The variability of the data within each group. This element applies to cases in which group means are compared to one another and an index of variability, such as the standard deviation, can be calculated for each group. Variability can be thought of as an index of the degree to which uncontrolled, chance factors influence the scores in a set of data. For ex­ ample/ in the experiment assessing treatments for depression, greater variability in the depres­ sion scores within each treatment group would indicate greater randomness attributable to chance. Other things being equal, the less the variability within each group, the more signifi­ cant are the results. If all of the scores within each group are close to the group mean, then even a small difference between the means of different groups may be Significant.

In short, a large observed effect, a large num­ ber of observations, and a small degree of vari­ ability in scores within groups all reduce the likelihood that the effect is due to chance and in­ crease the statistical significance of the results. Statistical significance tells us that a result probably did not come about by chance, but it "He's charged with expressing contempt for data·processing.�' does not, by itself, tell us that the result has practical value. Don't confuse statistical signifi­ cance with practical significance. If ! were to test a new weight-loss drug in an ex­ periment that compared 1,000 people taking the drug with a similar number not taking it, I might find a high degree of statistical significance even if the drug pro­ duced an average weight loss of only a few ounces (or only a few grams). In that case, most people would agree that, despite the high statistical significance, the drug has no practical significance in a weight-loss program. S EC T I O N R E V I E W

Researchers use statistics to analyze and interpret the results of their studies.

r���" Descriptive Statistics

VI! Inferential Statistics

.. Descriptive statistics help to summarize sets of data.

.. Inferential statistics help us assess the likelihood that relationships observed are real and repeatable or due merely to chance .

.. The central tendency of a set of data can be rep­ resented with the mean (the arithmetic average) or the median (the middle score).


.. The standard deviation is a measure of variability, the extent to which scores in a set of data differ from one another or from the mean. e

Correlation coefficients represent the strength and direction of a relationship between two numerical variables.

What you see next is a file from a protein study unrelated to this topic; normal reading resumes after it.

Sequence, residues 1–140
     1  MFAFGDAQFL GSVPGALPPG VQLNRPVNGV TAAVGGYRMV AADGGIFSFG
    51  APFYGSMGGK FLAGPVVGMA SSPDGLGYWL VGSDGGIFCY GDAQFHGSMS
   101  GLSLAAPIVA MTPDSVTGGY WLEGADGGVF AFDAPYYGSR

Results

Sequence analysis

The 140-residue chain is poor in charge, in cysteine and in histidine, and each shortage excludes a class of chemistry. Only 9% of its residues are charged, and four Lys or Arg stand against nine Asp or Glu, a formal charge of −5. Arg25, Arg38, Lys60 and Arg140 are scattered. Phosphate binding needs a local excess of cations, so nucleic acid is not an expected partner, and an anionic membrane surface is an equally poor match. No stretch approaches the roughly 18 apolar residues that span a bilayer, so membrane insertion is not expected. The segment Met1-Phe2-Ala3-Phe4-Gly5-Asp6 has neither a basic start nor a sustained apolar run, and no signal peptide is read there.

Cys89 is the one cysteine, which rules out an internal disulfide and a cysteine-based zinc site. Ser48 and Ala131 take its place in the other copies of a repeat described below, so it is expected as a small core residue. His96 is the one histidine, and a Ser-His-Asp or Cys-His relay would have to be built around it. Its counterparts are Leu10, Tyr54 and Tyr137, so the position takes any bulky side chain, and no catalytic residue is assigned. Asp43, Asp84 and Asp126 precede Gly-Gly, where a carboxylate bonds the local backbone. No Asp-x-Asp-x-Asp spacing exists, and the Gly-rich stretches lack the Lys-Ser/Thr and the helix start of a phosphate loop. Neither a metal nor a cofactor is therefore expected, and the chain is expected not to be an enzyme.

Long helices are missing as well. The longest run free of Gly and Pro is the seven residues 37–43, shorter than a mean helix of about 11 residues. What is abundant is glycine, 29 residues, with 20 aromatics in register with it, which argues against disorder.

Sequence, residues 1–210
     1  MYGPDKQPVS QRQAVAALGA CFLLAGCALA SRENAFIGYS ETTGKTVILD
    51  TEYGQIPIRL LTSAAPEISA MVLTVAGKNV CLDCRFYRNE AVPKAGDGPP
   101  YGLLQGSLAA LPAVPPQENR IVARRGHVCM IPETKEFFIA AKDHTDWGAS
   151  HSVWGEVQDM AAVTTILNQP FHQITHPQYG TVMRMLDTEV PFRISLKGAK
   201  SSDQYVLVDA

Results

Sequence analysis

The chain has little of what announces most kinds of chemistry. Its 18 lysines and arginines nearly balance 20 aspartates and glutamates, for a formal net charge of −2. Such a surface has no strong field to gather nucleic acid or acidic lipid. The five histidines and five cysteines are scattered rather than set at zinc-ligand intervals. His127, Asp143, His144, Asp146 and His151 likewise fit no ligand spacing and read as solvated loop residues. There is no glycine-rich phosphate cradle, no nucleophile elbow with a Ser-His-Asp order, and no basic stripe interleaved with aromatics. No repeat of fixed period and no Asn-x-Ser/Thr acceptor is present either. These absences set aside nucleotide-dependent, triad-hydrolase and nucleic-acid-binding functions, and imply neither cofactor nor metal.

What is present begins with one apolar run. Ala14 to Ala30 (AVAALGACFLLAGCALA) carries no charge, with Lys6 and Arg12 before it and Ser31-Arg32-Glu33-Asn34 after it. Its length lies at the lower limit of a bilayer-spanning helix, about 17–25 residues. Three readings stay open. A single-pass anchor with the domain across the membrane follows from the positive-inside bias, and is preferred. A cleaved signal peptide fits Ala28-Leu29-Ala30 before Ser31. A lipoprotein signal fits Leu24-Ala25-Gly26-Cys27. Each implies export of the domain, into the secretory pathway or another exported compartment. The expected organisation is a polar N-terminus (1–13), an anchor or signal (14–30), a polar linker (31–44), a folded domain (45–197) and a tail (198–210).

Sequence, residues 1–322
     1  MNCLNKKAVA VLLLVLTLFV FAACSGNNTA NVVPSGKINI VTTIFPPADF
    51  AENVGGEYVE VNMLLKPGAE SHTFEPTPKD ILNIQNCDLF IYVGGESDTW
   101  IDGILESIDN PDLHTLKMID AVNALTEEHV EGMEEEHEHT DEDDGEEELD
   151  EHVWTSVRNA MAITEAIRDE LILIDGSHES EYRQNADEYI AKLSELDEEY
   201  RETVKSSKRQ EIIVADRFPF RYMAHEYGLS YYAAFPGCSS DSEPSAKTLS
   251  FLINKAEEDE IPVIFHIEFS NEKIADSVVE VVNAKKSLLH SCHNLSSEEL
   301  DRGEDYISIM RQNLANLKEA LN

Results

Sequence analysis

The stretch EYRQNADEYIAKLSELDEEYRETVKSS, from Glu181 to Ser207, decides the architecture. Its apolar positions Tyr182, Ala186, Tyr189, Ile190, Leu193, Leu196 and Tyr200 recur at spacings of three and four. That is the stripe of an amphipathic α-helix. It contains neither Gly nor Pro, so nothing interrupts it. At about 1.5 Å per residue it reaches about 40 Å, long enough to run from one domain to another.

Minimizing Bias in Psychological Research Good scientists strive to minimize both error and bias, especially the latter, in their » > ----17 What is the difference between error and research. Error, as a technical term, refers to random variability in results. Some de. bias, and why is bias the more serious ' psych0Ioglca ' 1 research, as a researcher can never pregree 0f error is inevltable m problem? cisely control all the extraneous variables that can influence a measure 0 fbehavioy. The occurrence of error does not imply that the researcher has made a mistake. Individual differences among the research subjects and imperfections in the measure ofbehavioy, for example, contribute inevitably to error. Because error is random, its consequences tend to disappear when averages are calculated, especially when the data set is large. Moreover, researchers can measure error precisely, by calculating the standard deviation, and can take it into account in their inferential statistics. Therefore, error ,is not a devastating problem in research. But bias is a devastating problem. Bias, afr,'8 technical term, refers to nonrandom (directed) effects caused by some factor or factors extraneous to the research hypothesis. The difference between error and bias can be visualized by thinking of the dif­ ference between the sets qr bullet holes produced by two men engaged in target practice. One is a novice. H e hasn't learned to hold the gun steady, so it wavers randomly as he shoots . The bullets rarely hit the bull's-eye but scatter randomly around it (target A of FigU1;e 2.4). His average shot, calculated as the average geo­ metric location of his entire set of shots, is on or near the bull's-eye, even if few or none of his individual shots are on or near it. Those bullet holes exemplifY error. The other man is an experienced marksman, but the sights on his rifle are out of alignment. Because of that defect, all his bullets strike the target some dis­ tance to the right of the bull's-eye (target B). Those misses exemplifY bias, and they are not correctable by averaging. No matter how many times the man shoots or how carefully he aims, the average location of the whole set of bullet holes will be off the bull's-eye. Of course, error and bias can occur together, as would hap­ pen if a novice shooter were given a defective rifle (target C). In that case the holes would be widely scattered around a center that was some distance away from the bull's-eye. Bias is a very serious problem in research because statistical techniques cannot identify it or correct for it. Whereas error only reduces the chance that researchers will find statistically significant results (by increasing the variability of the data), bias can lead researchers to the false conclusion that their hypothesis has been supported when, in fact, some factor irrelevant to the hypothesis has caused the observed results. _ ___ ______ __ _